Enhanced Hydrolytic Stability of Porous Boron Nitride via the Control of Crystallinity, Porosity and Chemical Composition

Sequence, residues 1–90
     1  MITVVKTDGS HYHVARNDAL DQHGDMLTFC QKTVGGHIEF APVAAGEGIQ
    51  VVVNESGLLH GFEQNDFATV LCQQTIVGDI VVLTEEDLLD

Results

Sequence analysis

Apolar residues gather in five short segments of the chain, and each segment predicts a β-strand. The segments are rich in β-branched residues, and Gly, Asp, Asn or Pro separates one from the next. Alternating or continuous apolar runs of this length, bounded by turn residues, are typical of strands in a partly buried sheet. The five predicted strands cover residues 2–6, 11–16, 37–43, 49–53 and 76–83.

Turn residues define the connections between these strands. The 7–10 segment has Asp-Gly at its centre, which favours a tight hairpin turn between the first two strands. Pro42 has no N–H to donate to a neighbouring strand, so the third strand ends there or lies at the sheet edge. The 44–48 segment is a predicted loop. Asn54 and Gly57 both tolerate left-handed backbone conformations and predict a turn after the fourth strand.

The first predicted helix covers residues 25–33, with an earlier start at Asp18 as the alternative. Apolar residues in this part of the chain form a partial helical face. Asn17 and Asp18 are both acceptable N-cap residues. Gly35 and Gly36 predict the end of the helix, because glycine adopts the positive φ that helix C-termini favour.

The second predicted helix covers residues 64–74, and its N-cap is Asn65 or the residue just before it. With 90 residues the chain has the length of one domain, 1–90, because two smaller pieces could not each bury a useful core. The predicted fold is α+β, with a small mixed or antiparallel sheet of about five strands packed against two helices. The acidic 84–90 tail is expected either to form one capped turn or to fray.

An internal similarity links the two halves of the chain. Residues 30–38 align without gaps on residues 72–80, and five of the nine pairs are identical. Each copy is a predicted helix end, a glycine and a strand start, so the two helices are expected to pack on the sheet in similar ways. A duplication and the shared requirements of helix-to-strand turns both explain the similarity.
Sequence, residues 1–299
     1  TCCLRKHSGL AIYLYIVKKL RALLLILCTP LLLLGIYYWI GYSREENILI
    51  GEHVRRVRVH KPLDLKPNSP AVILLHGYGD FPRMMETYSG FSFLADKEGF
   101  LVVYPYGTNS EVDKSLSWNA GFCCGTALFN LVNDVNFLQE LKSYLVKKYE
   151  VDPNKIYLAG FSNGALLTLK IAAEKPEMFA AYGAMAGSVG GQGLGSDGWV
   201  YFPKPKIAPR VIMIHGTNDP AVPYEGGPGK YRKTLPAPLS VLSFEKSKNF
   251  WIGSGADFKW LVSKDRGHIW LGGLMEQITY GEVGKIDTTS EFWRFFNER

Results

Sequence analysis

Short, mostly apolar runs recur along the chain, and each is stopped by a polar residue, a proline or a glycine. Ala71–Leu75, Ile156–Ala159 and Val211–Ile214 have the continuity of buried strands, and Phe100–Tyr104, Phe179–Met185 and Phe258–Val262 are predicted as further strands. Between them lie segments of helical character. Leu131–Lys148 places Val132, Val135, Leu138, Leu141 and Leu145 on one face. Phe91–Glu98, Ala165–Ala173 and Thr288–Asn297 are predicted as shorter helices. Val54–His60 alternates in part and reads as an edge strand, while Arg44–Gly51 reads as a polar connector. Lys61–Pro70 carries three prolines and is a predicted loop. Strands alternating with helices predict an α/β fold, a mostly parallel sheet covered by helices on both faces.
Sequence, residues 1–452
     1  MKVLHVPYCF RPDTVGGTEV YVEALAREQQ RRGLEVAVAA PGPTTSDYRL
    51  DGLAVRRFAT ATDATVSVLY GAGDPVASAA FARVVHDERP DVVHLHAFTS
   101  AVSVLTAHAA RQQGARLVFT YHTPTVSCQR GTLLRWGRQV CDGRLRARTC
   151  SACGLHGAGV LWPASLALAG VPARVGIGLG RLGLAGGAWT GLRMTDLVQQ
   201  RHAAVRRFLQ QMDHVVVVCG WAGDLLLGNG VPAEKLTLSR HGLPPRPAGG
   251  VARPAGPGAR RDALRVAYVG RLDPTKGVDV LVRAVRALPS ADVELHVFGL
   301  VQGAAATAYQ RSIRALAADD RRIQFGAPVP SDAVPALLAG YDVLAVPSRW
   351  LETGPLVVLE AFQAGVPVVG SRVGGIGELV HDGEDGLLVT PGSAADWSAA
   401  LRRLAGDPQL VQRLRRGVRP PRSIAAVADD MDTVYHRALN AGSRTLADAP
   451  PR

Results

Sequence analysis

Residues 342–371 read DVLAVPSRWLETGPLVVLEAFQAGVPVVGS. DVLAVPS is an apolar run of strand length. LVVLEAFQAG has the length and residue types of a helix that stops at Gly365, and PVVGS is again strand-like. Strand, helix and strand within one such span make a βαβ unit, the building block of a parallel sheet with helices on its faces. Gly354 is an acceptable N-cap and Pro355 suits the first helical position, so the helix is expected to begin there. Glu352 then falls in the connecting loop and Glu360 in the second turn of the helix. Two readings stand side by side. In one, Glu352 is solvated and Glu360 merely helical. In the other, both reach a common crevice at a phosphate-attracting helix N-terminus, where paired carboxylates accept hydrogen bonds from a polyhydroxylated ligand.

Porous boron nitride is gaining significant attention for applications in molecular separations, photocatalysis, and drug delivery. All these areas call for a high degree of stability (or a controlled stability) over a range of chemical environments, and particularly under humid conditions. The hydrolytic stability of the various forms of boron nitride, including porous boron nitride, has been sparingly addressed in the literature. Here, we map the physical-chemical properties of the material to its hydrolytic stability for a range of conditions. Using analytical, imaging and spectroscopic techniques, we identify the links between the hydrolytic instability of porous boron nitride and its limited crystallinity, high porosity as well as the presence of oxygen atoms. To address this instability issue, we demonstrate that subjecting the material to a thermal treatment leads to the formation of crystalline domains of h-BN exhibiting a hydrophobic character. The heat-treated sample exhibits enhanced hydrolytic stability, while maintaining a high porosity. This work provides an effective and simple approach to producing stable porous boron nitride structures, and will progress the implementation of the material in applications involving interfacial phenomena.<br>